Brian Bowman, lawyer, mayor of Winnipeg 2014–present (born 18 August, 1971 in Winnipeg, MB). A lawyer specializing in privacy rights and social media, Bowman was elected Winnipeg’s first Métis mayor on 22 October 2014.
Brian Brooke Claxton
Brian Brooke Claxton, lawyer, politician (b at Montréal 23 Aug 1898; d at Ottawa 13 June 1960). He attended Lower Canada College and McGill, graduating with an LLB in 1921, the year he began to practise law. During WWI he had served overseas with the 10th Siege Battery.
Robert George Brian Dickson, chief justice of Canada (b at Yorkton, Sask 25 May 1916; d at Dunrobin, Ont 17 Oct 1998).
Brian Alexander Gallant, lawyer, leader of New Brunswick Liberal Party, 33rd premier of New Brunswick 2014–18 (born 27 April 1982 in Shediac Bridge, New Brunswick). Gallant was elected premier of New Brunswick on 23 September 2014, when his party won a majority government; at 32 years of age, he became the country’s youngest premier. However, in the September 2018 provincial election, the Liberal Party lost their majority. Gallant resigned as premier after losing a confidence vote in November 2018 and was replaced by Progressive Conservative Blaine Higgs.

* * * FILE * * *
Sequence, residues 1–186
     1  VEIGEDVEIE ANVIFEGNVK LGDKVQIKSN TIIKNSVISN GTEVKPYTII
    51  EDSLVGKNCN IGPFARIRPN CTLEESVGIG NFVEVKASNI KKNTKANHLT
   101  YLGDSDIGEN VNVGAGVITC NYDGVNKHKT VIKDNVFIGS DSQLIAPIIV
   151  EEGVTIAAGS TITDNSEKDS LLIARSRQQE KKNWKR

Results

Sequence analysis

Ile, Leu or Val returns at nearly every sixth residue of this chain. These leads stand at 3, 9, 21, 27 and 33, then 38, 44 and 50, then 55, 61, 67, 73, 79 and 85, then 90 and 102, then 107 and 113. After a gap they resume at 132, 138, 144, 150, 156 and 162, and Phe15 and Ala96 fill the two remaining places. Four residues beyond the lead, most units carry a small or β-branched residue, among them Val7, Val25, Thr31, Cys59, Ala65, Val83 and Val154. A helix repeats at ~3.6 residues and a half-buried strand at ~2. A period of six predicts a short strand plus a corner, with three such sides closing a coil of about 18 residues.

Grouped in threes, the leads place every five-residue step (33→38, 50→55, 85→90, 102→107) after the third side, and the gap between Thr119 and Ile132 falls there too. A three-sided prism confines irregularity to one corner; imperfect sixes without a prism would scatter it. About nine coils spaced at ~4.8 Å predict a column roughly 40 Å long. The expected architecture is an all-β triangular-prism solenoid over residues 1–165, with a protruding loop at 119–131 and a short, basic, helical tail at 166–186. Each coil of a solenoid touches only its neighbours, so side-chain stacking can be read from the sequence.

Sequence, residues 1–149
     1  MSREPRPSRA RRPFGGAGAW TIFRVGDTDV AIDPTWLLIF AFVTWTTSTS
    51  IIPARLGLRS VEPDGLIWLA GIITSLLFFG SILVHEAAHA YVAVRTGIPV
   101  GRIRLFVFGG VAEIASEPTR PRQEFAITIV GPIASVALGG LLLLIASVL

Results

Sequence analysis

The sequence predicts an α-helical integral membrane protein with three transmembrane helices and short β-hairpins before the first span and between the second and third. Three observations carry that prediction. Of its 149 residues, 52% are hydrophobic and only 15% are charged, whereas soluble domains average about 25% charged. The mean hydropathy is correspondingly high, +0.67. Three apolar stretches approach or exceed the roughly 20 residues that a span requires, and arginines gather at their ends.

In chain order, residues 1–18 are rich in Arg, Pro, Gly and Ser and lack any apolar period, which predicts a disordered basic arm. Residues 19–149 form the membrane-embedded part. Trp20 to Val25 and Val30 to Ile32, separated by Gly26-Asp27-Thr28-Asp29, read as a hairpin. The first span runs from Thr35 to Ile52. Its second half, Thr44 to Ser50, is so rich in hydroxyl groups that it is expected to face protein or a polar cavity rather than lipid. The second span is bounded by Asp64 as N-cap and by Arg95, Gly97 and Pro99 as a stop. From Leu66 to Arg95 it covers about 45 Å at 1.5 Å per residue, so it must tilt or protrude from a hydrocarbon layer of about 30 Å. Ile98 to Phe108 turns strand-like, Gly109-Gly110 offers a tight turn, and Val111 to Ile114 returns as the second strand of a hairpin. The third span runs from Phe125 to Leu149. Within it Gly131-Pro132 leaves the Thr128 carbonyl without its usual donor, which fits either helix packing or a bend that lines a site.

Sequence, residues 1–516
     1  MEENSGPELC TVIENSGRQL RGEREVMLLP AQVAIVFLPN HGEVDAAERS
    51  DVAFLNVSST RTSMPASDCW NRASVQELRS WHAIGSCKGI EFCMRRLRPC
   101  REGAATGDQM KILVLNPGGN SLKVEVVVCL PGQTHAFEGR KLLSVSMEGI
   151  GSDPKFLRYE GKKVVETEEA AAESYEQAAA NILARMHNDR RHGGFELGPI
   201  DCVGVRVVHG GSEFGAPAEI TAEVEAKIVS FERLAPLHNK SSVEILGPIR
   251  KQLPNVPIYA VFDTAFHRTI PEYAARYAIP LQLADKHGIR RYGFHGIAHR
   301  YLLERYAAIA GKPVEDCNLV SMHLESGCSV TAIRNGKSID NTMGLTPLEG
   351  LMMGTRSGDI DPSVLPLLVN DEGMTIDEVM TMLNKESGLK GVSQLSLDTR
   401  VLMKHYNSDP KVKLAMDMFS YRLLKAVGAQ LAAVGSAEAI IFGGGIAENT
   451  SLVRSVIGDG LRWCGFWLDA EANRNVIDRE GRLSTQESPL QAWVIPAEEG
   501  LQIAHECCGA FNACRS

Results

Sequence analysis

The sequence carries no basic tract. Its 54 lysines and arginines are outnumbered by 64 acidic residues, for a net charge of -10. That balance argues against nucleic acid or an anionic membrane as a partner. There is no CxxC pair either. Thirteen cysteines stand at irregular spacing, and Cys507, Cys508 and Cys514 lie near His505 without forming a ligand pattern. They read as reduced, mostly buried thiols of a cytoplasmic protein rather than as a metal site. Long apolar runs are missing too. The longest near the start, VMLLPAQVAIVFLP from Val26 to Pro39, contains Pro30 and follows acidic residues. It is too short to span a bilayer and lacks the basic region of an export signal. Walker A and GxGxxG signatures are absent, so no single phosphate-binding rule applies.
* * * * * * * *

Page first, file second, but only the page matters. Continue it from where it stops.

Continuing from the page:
Martin Brian Mulroney, PC, CC, GOQ, lawyer, businessman, politician, prime minister of Canada 1984 to 1993 (born 20 March 1939 in Baie-Comeau, QC). Former Progressive Conservative Party leader Brian Mulroney helped his party win the most seats ever (211) in the 1984 election. As prime minister, he signed a landmark free trade deal with the United States and Mexico (NAFTA) and oversaw passage of the unpopular Goods and Services Tax (GST). He also spent much political capital trying unsuccessfully to persuade Quebec to sign the Constitution. (See Meech Lake Accord; Charlottetown Accord.) Mulroney took a strong stance against apartheid and made great strides in protecting the environment. But his historically low popularity led to an unprecedented defeat in 1993, which sent the Conservative Party into disarray for a decade.